Fuel-reduction treatments for restoration in eastern hardwoods: impacts on multiple ecosystem componentsThis article is part of a larger document. View the larger document here.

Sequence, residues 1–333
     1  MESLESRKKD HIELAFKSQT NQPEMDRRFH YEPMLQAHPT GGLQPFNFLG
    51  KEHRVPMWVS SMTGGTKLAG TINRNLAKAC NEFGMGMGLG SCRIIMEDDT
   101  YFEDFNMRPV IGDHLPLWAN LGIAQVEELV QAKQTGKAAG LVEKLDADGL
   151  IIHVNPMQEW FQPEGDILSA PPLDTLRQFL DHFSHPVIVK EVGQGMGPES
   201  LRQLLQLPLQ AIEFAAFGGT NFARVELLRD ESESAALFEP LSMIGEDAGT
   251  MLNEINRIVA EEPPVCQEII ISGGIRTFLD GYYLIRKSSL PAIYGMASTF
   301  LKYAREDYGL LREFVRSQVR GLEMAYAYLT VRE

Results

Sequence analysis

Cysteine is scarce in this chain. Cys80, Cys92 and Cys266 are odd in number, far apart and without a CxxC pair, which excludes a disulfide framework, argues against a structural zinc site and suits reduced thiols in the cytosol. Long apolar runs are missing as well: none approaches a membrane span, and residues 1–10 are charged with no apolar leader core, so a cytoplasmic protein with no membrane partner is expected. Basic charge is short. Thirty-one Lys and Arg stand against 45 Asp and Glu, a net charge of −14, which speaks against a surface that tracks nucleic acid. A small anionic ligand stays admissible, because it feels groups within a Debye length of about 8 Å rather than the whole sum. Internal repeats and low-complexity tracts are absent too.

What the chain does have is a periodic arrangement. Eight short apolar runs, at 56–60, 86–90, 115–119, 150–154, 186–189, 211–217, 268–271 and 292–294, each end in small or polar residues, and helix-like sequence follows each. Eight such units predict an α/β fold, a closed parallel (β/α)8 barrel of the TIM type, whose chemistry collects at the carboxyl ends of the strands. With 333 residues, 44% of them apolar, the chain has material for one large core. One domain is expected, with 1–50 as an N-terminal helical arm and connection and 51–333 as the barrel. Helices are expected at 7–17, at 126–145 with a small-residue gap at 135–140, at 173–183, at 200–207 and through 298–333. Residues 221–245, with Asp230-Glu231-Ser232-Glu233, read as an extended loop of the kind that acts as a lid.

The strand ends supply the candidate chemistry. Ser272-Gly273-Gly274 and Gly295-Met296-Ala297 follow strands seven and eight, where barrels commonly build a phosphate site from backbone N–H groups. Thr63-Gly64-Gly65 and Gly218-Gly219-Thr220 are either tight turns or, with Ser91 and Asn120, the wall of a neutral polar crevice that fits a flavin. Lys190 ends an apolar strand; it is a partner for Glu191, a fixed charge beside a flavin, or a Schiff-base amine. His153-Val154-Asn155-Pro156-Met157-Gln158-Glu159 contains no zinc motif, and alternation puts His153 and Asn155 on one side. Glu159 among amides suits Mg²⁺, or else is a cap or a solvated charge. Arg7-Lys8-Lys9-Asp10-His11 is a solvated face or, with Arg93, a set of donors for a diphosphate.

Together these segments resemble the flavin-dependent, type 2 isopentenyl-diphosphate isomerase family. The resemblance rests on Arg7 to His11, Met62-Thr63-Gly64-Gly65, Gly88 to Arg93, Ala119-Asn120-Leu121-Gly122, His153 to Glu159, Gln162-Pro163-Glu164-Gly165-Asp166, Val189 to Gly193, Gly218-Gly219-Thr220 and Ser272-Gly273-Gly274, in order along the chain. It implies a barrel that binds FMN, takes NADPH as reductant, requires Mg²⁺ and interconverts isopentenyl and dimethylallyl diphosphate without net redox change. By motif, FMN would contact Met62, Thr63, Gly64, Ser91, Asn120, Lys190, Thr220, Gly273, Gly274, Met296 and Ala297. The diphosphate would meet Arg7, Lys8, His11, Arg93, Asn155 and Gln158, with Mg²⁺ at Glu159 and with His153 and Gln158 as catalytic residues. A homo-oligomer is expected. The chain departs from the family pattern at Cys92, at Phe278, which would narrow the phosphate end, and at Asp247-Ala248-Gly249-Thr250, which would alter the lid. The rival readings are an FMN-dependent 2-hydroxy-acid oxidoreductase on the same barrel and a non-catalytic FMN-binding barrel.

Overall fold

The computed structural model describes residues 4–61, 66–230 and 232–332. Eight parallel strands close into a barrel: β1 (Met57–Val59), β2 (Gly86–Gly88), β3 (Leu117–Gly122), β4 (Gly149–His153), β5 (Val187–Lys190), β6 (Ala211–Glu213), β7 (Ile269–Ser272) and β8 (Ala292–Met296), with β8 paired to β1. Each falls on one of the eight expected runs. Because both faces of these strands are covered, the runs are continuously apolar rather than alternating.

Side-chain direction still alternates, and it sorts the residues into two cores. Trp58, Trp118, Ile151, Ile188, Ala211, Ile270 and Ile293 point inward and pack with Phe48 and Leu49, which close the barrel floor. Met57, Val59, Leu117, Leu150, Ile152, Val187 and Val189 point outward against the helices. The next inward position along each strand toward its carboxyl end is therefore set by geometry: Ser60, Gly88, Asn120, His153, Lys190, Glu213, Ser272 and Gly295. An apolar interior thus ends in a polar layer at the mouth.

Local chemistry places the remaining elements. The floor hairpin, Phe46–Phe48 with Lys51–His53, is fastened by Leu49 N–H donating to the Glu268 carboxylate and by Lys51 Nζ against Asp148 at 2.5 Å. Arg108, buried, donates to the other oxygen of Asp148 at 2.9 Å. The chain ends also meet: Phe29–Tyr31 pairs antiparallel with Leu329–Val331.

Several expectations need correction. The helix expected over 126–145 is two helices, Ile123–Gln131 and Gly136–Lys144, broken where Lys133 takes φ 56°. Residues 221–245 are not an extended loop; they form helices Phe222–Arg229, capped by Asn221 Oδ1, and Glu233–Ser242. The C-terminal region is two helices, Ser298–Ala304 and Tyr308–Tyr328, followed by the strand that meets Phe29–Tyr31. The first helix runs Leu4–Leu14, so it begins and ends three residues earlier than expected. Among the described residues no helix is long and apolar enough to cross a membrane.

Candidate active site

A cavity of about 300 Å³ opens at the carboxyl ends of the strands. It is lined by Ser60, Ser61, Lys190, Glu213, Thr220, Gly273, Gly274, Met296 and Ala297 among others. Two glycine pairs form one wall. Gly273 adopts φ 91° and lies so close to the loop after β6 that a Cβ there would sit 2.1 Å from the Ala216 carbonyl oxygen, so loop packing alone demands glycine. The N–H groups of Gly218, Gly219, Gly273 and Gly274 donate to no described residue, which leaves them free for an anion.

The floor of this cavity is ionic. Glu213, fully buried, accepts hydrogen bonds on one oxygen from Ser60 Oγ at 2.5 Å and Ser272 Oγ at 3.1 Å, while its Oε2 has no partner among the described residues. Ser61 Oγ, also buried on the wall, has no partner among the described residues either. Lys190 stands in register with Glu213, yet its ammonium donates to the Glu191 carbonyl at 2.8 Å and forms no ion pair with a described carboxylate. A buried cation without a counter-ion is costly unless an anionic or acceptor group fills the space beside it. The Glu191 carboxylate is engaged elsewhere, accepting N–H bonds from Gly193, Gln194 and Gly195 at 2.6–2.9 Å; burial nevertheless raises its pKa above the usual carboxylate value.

The Southern Appalachian Mountains and Ohio Hills sites are unique within the National Fire and Fire Surrogate Study because they are in hardwood-dominated forests. The efficacy of four fuel-reduction treatments was evaluated to restore these unmanaged hardwood forests to the structure and function of open woodland habitats. Treatments included control, prescribed burning, mechanical, and a combination of burning and mechanical treatments. Overstory basal area and density of saplings and shrubs were used as measures of ecosystem structure while soil carbon and breeding bird species richness were indicators of ecosystem function. The combination of burning and mechanical treatments provided the most rapid progress toward restoration but not all goals were met. At both study sites, overstory and understory vegetation remained too dense, soils were largely unaffected, and bird species richness showed only ephemeral increases. Repeated treatments are needed to replicate historical structure and function.